Russia has typically rejected any international effort to support the opposition in a way that might repeat the NATO military intervention in Libya, and despite strong statements, the West has avoided getting further embroiled in the Syria fighting out of fear of the long-term consequences.
On Sunday, the Council statement said that the “outrageous use of force” against civilians violated international law and commitments the Syrian government had made under the plan to stop using its heavy weapons in populated areas. It demanded that the Syrian government cease using heavy weapons immediately and pull its troops out of cities and towns. It also asked the United Nations observer mission in Syria to continue investigating the Houla attacks.
An earlier draft of the statement had more directly blamed the Syrian government for the massacre, but the Russians balked, saying they wanted to hear a closed briefing from the observers’ leader, Gen. Robert Mood, in Damascus. The Council statement emerged after that briefing.
Diplomats said the details General Mood presented closely followed those laid out by Ban Ki-moon, the United Nations secretary general, whose three-page letter demanded a concrete attempt to censure Syria and endorse the cease-fire.
In his letter, Mr. Ban skated very close to blaming Syrian government shelling for at least some of the deaths while carefully noting that the cause had not been completely determined. United Nations monitors “observed shotgun wounds and wounds consistent with artillery fire.”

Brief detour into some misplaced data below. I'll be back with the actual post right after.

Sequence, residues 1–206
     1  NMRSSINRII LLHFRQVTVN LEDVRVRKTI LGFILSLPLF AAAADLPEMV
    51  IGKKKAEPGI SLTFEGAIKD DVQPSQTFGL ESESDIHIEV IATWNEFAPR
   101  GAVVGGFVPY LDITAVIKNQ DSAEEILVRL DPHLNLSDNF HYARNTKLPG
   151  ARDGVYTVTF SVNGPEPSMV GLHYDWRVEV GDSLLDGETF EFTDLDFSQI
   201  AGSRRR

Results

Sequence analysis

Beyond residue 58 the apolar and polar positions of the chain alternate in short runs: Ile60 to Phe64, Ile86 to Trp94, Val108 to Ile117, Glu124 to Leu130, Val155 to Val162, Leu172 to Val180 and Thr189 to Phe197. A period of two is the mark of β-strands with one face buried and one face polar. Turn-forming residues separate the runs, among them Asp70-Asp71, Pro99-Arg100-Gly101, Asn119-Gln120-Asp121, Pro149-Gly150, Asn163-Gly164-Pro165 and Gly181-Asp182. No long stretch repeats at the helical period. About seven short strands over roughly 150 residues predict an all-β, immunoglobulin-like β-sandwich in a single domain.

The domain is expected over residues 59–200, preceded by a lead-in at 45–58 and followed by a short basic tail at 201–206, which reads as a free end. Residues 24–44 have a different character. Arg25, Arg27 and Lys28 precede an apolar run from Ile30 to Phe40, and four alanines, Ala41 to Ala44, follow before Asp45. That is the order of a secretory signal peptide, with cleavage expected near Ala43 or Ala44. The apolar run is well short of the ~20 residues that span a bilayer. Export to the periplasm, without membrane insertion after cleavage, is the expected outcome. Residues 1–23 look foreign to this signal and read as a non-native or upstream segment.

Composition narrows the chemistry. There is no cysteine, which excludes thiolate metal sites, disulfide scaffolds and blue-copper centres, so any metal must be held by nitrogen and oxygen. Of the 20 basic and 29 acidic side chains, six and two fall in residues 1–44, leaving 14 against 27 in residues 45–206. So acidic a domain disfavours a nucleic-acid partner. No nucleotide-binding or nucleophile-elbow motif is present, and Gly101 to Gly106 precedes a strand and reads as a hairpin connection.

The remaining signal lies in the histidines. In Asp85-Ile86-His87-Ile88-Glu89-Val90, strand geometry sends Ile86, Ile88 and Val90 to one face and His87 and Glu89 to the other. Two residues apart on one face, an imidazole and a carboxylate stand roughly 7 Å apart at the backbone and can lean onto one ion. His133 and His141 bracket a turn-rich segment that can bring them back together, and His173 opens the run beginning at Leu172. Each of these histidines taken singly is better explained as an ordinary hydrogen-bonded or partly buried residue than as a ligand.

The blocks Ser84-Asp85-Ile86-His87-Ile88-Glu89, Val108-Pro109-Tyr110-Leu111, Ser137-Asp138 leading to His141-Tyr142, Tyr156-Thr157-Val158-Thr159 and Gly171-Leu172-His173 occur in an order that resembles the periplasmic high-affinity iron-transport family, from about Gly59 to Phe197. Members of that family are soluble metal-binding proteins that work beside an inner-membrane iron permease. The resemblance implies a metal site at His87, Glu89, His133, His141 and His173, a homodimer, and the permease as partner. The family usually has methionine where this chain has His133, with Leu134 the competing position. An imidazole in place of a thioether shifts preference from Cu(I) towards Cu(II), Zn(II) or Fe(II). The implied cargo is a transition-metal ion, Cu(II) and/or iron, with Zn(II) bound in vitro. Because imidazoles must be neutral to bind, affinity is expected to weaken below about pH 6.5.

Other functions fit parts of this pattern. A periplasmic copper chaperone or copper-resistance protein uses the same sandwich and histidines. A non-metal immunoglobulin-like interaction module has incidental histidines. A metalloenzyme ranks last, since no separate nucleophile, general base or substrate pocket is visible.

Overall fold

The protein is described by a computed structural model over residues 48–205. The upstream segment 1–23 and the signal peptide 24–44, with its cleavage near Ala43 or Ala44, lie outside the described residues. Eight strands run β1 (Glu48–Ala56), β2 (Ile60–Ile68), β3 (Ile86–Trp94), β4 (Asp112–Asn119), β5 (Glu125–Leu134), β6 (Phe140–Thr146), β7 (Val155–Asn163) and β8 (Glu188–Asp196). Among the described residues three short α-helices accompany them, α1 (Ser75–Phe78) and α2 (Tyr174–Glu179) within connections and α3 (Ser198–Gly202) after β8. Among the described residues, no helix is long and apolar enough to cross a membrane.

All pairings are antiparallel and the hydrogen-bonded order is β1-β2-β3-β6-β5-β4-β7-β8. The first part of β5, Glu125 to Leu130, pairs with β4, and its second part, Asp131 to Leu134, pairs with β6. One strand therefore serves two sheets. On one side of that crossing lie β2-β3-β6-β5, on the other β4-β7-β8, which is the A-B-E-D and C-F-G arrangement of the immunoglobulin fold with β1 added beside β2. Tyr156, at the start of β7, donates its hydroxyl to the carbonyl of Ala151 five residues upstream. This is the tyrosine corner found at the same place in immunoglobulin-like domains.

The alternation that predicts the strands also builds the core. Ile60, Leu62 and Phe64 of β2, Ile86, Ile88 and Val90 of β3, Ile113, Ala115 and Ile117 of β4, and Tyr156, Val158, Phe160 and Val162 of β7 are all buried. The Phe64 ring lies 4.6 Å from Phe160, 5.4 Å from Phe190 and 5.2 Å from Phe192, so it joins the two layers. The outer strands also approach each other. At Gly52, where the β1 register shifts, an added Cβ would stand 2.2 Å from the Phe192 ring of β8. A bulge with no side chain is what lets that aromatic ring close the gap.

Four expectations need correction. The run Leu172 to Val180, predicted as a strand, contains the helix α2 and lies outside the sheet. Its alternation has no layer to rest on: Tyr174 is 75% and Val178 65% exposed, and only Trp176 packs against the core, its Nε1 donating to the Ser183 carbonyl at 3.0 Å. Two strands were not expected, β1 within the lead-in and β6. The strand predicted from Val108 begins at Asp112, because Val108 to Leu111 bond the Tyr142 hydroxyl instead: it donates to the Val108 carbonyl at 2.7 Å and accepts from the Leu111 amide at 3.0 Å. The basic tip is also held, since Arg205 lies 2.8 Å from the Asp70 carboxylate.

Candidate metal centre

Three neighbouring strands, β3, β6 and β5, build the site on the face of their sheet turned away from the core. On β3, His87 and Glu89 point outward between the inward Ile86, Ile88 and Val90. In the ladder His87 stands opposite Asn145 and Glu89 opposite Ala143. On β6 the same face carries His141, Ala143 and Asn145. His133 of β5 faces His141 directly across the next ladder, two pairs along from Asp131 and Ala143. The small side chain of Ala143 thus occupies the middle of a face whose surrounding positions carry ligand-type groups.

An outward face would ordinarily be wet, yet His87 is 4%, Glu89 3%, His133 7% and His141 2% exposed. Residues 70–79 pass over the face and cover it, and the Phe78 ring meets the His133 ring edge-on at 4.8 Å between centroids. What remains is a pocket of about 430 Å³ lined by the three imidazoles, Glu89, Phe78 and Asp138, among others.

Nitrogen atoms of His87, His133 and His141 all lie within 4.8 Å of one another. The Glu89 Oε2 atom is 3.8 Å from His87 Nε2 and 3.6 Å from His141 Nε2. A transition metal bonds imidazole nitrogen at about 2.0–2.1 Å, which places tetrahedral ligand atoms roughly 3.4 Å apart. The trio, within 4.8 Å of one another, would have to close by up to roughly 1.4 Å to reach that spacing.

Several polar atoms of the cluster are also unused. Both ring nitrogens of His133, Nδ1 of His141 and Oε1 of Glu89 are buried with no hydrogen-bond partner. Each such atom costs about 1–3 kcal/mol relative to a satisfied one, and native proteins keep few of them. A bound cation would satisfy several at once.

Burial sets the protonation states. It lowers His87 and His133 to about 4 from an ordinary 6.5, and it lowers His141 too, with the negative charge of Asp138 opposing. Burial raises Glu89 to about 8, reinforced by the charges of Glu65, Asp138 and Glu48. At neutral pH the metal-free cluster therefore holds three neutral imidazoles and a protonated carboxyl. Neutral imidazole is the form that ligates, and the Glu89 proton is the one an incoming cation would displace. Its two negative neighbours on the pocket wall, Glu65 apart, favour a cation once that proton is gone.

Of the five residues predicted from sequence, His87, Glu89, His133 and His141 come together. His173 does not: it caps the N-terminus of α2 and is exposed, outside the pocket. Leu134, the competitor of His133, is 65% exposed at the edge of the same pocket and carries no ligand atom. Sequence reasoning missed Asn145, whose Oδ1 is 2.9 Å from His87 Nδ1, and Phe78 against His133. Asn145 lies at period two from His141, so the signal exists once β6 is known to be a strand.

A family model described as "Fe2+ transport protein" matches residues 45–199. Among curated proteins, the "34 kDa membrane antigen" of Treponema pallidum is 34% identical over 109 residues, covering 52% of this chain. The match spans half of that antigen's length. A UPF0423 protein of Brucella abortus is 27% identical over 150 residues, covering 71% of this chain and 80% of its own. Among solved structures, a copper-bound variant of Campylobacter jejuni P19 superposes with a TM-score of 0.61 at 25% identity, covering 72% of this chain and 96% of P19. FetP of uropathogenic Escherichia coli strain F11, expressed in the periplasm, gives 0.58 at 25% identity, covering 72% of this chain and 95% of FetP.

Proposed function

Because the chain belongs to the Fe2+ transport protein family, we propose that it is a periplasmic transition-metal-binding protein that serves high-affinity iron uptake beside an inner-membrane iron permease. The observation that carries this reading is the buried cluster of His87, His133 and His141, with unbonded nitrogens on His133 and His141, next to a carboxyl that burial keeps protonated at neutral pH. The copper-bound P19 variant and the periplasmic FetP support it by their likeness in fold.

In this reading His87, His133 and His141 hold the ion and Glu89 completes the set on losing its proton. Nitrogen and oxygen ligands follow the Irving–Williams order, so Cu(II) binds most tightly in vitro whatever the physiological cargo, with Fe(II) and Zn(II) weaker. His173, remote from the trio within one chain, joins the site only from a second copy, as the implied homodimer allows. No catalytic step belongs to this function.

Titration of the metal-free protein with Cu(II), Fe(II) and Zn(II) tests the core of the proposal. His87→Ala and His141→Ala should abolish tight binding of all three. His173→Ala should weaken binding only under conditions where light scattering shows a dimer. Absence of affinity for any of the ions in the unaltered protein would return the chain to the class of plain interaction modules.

The Russians seemed to be swayed by the arguments that it made little sense that the opposition, which is heavily Sunni Muslim, or even extremist jihadist elements, would kill so many of their own faith in cold blood, said one Security Council diplomat, speaking anonymously about a closed-door session.
“The patrol also saw artillery and tank shells, as well as fresh tank tracks,” Mr. Ban told the Council. “Many buildings had been destroyed by heavy artillery.”
The letter included other hints that government forces were involved, including the fact that up to eight bodies of civilians were removed from a government checkpoint in Teldo village. “The bodies bore signs of severe physical abuse,” the letter said.
Over all, the letter said the monitors found evidence of “appalling and brutal crimes, which involved indiscriminate and disproportionate use of force.”
One of the reasons that the Security Council had to act firmly, Mr. Ban said, is that ordinary Syrians are blaming the unarmed United Nations observers for not doing more to stop the violence, even if there are misconceptions about their role.
In Geneva, the top United Nations human rights official issued a statement saying that the “indiscriminate and possibly deliberate targeting of civilians” in Houla might amount to crimes against humanity or other international crimes. Navi Pillay, the United Nations high commissioner for human rights, called for Syrian cooperation with an independent, international investigation to determine what happened.